All  

Iraq Banner Desktop

Store Banner Mobile

Tourist Defaces Roman Wall in Herculaneum

Dutch Tourist Defaces Ancient Roman Villa in Herculaneum

Print
Getting your Trinity Audio player ready...

A 27-year-old tourist from the Netherlands has been accused of defacing a frescoed wall in the ancient Roman city of Herculaneum, located near Naples, Italy. The vandalism occurred at a historic site that has remarkably survived since the catastrophic eruption of Mount Vesuvius in 79 AD. This incident highlights ongoing issues with the preservation of world heritage sites amid increasing tourism. 

Vandalism Incident at Herculaneum 

The Herculaneum Archaeological Park, a site less frequented but equally as significant as its neighbor Pompeii, was the scene of the recent vandalism. Italian police reported that the tourist used a black, indelible marker to graffiti a section of a painted wall within the site. The man’s graffiti signature was promptly discovered by staff, leading to his swift identification and arrest. 

Herculaneum, like Pompeii, was buried under volcanic ash during the eruption of Mount Vesuvius. However, the deeper layer of ash in Herculaneum has preserved the site’s ruins exceptionally well, making any damage to these ancient structures particularly grievous. The site is renowned for its detailed frescoes and mosaics that provide valuable insights into Roman life and art. 

Stunning paintings found in Herculaneum attest to its Roman luxury seaside retreat reputation.  

Stunning paintings found in Herculaneum attest to its Roman luxury seaside retreat reputation. (milosk50 / Adobe Stock) 

Italian Culture Minister Gennaro Sangiuliano condemned the act, emphasizing the importance of preserving cultural heritage. “Any damage hurts our heritage, our beauty, and our identity, and that is why it must be punished with the utmost firmness,” he stated, according to a CNN report.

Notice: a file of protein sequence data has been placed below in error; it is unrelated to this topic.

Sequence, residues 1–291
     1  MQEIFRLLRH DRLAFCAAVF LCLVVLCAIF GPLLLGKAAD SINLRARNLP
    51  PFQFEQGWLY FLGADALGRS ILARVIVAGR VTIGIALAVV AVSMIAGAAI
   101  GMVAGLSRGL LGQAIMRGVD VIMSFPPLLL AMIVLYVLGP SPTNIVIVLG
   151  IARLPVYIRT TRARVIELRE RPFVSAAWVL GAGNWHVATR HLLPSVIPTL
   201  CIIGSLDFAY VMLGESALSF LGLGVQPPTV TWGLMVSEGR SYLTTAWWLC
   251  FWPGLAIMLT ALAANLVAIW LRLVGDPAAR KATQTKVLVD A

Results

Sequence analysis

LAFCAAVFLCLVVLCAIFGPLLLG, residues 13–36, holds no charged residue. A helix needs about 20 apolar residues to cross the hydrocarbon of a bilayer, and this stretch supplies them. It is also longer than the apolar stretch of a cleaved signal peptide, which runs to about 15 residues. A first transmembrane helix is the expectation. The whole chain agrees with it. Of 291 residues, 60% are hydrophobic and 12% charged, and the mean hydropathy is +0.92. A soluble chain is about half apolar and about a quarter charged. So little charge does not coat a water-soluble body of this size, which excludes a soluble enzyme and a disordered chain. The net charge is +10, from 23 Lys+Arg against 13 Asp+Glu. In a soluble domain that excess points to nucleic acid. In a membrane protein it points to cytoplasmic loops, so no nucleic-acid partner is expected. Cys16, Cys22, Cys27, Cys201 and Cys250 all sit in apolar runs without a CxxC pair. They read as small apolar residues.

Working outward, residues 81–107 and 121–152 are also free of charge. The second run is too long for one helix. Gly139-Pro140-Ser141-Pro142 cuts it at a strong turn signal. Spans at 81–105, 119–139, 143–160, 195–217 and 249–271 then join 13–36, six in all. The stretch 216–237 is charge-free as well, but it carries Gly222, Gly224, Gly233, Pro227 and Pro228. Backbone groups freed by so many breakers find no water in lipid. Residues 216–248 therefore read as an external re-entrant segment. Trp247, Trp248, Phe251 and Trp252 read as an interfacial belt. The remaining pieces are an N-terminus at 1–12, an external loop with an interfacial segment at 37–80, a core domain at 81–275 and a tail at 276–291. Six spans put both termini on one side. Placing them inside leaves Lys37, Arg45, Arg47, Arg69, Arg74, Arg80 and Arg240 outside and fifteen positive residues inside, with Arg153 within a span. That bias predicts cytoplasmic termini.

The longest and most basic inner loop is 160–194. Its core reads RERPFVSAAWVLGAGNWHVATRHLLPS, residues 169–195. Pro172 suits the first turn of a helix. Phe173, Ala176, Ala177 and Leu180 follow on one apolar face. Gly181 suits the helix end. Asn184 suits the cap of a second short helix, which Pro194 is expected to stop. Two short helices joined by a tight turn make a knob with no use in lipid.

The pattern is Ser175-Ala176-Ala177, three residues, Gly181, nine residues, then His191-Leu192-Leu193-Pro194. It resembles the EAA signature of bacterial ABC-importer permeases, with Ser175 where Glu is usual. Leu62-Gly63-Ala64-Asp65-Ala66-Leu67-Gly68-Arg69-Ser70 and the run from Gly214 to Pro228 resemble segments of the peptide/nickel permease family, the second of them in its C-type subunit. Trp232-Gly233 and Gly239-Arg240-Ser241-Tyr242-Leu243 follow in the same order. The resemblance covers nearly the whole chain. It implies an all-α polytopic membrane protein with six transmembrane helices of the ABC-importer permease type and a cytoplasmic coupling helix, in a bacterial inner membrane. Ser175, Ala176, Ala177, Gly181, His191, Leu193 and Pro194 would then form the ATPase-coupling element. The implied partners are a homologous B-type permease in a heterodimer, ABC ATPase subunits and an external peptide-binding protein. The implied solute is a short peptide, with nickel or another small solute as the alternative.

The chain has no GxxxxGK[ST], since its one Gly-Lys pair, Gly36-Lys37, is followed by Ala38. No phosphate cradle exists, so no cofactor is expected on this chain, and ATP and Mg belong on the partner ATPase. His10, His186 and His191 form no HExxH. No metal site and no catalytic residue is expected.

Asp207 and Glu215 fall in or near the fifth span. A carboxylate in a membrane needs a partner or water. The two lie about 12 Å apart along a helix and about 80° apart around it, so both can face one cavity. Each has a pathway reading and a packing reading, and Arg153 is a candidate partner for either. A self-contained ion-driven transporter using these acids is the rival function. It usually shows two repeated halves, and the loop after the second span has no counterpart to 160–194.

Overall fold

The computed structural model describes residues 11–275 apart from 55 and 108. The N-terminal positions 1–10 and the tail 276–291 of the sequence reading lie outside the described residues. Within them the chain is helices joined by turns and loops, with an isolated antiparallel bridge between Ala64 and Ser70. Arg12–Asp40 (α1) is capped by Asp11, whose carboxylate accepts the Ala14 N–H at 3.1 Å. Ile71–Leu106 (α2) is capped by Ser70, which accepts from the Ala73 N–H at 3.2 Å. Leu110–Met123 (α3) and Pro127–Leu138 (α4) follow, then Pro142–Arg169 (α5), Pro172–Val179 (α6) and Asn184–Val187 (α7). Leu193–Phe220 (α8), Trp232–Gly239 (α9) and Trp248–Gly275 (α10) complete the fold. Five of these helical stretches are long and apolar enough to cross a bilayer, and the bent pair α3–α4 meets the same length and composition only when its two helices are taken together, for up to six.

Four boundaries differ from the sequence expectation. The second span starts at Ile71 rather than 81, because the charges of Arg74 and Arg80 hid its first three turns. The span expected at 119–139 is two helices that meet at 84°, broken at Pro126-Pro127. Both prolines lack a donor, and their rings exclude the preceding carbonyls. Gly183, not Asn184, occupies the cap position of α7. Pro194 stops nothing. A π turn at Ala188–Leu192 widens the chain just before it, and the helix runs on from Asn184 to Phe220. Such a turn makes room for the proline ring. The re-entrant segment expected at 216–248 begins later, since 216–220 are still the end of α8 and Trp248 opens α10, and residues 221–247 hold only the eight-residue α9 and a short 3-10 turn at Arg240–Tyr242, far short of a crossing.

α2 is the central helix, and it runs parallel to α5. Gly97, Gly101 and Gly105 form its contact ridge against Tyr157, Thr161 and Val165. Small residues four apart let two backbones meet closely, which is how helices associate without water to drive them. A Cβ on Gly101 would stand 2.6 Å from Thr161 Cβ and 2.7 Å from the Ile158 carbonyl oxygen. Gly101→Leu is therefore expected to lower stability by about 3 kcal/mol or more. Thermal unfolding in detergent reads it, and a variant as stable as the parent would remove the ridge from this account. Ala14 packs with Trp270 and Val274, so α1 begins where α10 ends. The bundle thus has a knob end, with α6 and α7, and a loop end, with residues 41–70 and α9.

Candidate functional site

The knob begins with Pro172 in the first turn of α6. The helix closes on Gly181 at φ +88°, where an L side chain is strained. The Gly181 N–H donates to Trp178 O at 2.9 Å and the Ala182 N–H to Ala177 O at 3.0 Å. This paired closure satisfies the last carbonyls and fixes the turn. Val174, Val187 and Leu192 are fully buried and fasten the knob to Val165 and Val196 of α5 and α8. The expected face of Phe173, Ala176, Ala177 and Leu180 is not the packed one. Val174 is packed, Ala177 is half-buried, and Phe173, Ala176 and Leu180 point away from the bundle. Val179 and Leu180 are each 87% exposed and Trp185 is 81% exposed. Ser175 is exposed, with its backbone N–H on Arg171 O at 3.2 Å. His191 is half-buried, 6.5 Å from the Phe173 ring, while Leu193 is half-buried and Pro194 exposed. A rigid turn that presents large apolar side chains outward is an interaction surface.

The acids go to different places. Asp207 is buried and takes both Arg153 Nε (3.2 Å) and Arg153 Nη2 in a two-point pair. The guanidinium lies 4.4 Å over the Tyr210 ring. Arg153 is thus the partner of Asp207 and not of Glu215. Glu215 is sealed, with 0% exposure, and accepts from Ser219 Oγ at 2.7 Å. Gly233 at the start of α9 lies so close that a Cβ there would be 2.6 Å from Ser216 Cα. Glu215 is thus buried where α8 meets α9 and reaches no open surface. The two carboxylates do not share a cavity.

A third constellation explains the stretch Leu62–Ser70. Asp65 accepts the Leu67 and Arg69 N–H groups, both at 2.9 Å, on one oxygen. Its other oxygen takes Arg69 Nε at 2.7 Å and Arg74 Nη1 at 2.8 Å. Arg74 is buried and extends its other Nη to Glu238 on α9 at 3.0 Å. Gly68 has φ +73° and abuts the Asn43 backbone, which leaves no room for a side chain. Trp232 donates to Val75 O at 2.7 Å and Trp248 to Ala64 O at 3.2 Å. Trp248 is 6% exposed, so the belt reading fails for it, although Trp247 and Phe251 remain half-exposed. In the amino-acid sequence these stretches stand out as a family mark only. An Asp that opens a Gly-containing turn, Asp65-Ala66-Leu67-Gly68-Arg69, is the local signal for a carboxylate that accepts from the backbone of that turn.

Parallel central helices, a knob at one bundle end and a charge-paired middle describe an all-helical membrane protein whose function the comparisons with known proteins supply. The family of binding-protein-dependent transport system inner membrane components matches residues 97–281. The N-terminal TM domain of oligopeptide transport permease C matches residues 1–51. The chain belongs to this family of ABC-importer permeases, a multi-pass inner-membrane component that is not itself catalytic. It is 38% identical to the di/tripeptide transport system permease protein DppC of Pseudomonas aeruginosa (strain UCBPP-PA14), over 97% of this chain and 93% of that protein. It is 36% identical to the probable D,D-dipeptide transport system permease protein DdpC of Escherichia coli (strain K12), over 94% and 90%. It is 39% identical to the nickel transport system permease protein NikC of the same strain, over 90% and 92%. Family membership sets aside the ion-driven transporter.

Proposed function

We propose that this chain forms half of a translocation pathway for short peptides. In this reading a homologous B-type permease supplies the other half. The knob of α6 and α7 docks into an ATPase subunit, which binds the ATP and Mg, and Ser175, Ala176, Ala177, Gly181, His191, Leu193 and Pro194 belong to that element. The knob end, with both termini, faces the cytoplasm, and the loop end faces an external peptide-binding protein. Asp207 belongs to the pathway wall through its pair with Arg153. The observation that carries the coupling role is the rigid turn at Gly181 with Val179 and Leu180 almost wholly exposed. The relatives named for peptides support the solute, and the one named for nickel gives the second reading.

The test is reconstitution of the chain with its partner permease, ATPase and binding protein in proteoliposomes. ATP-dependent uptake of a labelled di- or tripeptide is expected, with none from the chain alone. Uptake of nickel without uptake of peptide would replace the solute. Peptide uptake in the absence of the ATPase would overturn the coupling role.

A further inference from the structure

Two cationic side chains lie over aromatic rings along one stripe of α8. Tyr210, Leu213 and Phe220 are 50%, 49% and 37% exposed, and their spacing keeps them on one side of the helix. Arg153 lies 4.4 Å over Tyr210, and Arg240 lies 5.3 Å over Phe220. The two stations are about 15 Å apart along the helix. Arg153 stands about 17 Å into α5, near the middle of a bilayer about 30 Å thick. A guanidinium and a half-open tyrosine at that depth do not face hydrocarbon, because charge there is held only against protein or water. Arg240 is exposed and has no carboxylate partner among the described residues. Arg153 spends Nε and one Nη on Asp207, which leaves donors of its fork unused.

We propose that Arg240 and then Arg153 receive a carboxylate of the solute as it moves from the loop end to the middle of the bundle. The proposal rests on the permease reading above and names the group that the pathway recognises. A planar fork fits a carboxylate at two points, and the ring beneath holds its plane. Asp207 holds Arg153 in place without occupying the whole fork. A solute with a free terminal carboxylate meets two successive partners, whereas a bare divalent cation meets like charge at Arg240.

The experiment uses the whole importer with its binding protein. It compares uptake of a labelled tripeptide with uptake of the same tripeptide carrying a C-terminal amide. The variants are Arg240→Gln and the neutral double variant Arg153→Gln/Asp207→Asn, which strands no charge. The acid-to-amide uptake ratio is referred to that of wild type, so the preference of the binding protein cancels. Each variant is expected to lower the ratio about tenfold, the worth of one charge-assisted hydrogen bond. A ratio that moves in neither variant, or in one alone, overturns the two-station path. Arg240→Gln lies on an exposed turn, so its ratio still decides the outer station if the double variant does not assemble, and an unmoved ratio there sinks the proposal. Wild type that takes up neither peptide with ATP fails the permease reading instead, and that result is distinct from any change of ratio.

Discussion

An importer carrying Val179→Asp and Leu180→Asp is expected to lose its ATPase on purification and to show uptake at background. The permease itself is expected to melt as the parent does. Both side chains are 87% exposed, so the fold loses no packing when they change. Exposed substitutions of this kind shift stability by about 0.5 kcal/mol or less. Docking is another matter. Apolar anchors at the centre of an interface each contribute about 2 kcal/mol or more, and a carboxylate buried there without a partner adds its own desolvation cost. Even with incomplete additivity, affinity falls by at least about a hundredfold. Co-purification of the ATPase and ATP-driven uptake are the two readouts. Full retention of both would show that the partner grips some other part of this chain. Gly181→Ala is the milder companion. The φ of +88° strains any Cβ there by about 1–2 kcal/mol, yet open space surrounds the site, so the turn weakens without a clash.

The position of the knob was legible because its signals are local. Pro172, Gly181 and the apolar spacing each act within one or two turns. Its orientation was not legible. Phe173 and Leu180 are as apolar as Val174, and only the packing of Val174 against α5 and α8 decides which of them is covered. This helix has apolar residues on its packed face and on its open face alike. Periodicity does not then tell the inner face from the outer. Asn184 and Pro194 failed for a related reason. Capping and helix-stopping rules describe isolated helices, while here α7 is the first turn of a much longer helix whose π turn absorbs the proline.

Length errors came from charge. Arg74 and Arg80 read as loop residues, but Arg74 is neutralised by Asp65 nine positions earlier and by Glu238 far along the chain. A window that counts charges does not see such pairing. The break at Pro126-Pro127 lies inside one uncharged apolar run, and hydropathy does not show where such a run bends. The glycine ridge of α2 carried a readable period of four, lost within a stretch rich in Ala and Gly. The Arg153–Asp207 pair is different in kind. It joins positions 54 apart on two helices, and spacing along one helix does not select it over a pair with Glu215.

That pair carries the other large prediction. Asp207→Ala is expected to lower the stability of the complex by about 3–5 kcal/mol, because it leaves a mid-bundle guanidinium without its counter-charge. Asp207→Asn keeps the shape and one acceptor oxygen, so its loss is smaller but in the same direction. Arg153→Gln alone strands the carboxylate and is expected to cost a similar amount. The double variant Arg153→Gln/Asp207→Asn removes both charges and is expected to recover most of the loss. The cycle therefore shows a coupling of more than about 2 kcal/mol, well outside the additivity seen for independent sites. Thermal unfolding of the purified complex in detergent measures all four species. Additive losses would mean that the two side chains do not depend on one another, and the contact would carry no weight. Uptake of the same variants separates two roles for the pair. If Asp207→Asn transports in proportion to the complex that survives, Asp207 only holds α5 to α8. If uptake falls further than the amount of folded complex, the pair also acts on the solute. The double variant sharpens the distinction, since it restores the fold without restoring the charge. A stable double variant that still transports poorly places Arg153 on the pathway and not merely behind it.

The Dutch tourist faces serious charges of damaging and defacing artistic works. 

Previous Incidents of Vandalism 

Vandalism of historical sites is, unfortunately, not a rare occurrence in Italy, with the Colosseum of Rome being a favorite target. 

According to the Associated Press in 2017 a tour guide spotted an Ecuadorian visitor carving the names of his family and the year 2017 on walls inside the world famous ancient monument. What’s more, in 2015, the Guardian reported on the arrest of two Californians who carved their initials and posted selfies with their work online, and in 2015 they reported on a Russian tourist being fined $23,000 (€20,000) and slammed up for four months in prison for carving his initials into the Colosseum. 

In 2020, an Irish tourist was caught using “a metal point” to carve his initials about 2 inches high onto a pillar on the Colosseum's first floor

And last year a man from Bristol in the UK was caught in the act and filmed. 

Looking at the walls of the Colosseum and even the one at Herculeum pictured, some of the historic walls are covered in tags. It is obvious that this shameful activity has been popular throughout the centuries.  

These repeated acts of vandalism have prompted Italian authorities to strengthen laws and increase penalties to protect their cultural heritage. Tougher penalties for those who vandalize cultural sites, with fines reaching up to €40,000 (around $43,500) have been imposed. This move aims to deter such destructive behavior and safeguard the country’s rich historical legacy. 

The recent incident at Herculaneum underscores the need for ongoing vigilance and robust preservation strategies. While tourism brings invaluable revenue and global awareness to these sites, it also poses risks that must be carefully managed. 

Top image: The graffiti tag that was written on a wall in Herculaneum, Naples, Italy. Source: Carabinieri/Handout 

 
Gary Manners's picture

Gary

Gary is an editor and content manager for Ancient Origins. He has a BA in Politics and Philosophy from the University of York and a Diploma in Marketing from CIM. He has worked in education, the educational sector, social work... Read More

Next article